There’s a prominent fear that keeps us silent when we should be speaking up.
The Reluctant Witness
By Don Everts
As Peter warmed his hands around that fire, he intuitively sensed he was sitting in a less-than-friendly context. (Jesus had just been arrested; the controversy over Jesus had hit the city like a wildfire; Peter had just cut off someone’s ear, and that person was likely there near the fire. Peter was behind enemy lines.) There was some specific fear in his context that “got his tongue.”
For about 300 years after that night around the fire, most Christians lived in a similar less-than-friendly context. In fact, many Christians lived under the threat of some form of social, physical or economic persecution until the Roman emperor Constantine converted to Christianity and officially decriminalized Christianity in AD 312.
Our context as Christians has varied widely since then. There have been seasons when great social coin came with being a Christian and speaking about Jesus (think John Calvin’s Geneva in the 1500s), and there have been tough seasons of persecution (think genocides in the Ottoman Empire in the 1900s). This roller-coaster ride is perhaps what Paul was alluding to in his coaching words to the young leader and preacher Timothy when he invited him to “preach the word; be ready in season and out of season” (2 Tim. 4:2).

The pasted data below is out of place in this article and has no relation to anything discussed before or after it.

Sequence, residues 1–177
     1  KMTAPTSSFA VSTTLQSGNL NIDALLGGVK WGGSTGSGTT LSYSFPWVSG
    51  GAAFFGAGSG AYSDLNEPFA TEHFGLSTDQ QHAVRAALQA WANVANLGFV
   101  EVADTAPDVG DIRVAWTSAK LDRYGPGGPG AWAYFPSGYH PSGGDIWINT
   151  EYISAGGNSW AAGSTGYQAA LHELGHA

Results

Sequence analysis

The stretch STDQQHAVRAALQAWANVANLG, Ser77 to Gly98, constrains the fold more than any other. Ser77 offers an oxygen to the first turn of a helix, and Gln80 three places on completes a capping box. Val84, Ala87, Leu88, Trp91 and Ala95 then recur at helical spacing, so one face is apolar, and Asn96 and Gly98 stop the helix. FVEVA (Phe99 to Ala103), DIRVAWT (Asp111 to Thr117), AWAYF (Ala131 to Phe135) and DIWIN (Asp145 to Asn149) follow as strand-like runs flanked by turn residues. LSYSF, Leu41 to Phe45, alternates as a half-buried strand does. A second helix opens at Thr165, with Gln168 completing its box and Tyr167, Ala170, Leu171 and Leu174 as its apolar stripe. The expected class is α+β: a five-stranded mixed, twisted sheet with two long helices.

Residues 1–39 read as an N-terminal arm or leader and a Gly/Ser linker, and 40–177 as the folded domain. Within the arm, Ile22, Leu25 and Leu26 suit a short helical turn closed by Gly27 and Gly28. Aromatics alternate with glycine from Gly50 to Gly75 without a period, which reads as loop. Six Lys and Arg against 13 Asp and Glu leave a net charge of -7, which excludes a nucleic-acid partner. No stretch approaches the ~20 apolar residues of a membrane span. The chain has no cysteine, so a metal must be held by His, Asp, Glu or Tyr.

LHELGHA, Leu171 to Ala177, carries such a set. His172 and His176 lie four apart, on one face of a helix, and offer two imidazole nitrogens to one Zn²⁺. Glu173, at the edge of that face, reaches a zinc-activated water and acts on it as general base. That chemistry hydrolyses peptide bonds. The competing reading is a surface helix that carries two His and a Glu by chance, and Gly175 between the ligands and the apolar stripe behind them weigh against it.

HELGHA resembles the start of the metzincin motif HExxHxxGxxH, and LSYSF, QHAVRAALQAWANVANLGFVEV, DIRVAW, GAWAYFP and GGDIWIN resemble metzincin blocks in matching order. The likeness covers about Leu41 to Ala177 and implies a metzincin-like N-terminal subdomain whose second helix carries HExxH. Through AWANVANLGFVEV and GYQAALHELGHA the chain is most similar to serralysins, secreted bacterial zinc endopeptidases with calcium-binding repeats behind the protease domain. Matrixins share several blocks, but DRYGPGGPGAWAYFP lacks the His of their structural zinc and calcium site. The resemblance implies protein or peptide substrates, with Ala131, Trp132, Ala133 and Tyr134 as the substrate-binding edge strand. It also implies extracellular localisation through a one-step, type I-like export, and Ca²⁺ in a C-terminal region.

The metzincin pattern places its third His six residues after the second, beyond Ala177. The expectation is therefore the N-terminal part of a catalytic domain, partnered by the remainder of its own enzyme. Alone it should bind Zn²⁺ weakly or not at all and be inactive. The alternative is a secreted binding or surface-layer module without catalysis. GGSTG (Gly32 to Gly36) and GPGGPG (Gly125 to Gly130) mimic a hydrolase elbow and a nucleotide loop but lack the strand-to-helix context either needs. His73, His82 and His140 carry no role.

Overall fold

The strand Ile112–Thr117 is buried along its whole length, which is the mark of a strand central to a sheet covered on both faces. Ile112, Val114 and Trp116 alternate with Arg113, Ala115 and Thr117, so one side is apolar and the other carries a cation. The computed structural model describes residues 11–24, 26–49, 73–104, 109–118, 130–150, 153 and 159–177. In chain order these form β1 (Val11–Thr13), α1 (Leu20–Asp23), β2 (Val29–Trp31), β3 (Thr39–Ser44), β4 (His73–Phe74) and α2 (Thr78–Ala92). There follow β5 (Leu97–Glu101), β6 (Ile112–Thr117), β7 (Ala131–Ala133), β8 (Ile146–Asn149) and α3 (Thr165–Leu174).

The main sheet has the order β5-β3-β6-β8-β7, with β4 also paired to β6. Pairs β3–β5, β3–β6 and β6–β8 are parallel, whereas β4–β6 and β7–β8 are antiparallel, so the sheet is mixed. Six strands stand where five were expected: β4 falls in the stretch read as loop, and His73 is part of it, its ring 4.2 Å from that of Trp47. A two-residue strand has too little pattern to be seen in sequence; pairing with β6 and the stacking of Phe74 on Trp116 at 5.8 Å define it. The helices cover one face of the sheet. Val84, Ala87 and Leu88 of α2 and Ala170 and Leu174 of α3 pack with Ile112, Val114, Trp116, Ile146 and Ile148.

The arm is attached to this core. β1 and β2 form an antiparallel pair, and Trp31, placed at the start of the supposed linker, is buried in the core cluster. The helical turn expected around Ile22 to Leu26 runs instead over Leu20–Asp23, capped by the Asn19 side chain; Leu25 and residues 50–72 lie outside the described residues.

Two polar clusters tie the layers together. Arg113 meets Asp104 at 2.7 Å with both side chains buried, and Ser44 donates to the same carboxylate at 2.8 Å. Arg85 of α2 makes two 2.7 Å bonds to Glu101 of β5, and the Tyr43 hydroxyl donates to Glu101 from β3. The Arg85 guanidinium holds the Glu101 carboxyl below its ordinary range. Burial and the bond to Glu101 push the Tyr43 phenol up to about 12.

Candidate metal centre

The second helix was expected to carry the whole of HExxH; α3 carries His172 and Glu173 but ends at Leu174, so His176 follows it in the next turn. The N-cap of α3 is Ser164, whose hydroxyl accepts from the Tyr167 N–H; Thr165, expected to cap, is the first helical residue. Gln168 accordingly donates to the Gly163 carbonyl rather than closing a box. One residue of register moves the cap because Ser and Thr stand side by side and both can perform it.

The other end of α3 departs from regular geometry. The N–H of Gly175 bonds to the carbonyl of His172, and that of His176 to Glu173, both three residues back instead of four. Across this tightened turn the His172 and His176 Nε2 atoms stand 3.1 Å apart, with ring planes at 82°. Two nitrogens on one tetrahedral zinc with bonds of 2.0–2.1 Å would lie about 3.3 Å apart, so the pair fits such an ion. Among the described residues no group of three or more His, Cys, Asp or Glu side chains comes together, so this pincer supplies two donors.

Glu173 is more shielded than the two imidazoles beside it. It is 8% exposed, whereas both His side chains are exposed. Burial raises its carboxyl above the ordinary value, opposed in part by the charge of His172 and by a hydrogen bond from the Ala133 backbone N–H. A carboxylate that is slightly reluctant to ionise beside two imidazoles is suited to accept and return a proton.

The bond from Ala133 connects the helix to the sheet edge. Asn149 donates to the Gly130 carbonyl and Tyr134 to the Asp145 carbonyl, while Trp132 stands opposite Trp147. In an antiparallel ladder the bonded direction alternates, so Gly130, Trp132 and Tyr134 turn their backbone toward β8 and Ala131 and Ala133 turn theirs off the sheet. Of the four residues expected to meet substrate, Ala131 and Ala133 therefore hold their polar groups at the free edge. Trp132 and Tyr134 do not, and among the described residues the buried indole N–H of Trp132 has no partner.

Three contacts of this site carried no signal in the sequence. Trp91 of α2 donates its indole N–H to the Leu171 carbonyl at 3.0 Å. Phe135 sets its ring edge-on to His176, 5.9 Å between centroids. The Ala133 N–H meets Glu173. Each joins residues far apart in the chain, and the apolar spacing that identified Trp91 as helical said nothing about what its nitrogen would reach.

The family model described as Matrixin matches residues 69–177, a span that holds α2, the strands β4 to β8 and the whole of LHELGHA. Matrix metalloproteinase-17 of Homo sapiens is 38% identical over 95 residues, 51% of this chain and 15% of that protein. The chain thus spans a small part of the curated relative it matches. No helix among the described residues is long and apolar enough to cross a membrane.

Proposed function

So how about us? Are you and I living when Christianity is “in season” or “out of season”? There are Christians in the world today who have enemies trying to do them harm because of their Christian faith. The persecuted church is a real thing. In some parts of the world being identified as a Christian can be a matter of life or death. In those parts of the world, Christianity is definitely “out of season.” But if we’re honest, most Christians in the West are not in that situation. We are not persecuted because of our Christian faith.
However, we are definitely experiencing less cultural privilege than we have for some time. For a few hundred years in the West, Christianity held a place of relative cultural privilege. In fact, during the modern era in the West, being a Christian made a person fit in, in a way. America was founded, in large part, by Christians, and Christianity has been mainstream in our country—until recently.
Many people mark the beginning of a shift in our culture in the early 1900s when we shifted out of the so-called modern era into something different. In the modern era Christianity was relatively “in season” in the West. But in our new era, referred to as postmodern, Christianity is “out of season” more and more each year. Christianity’s cultural privilege is waning. And that doesn’t feel good.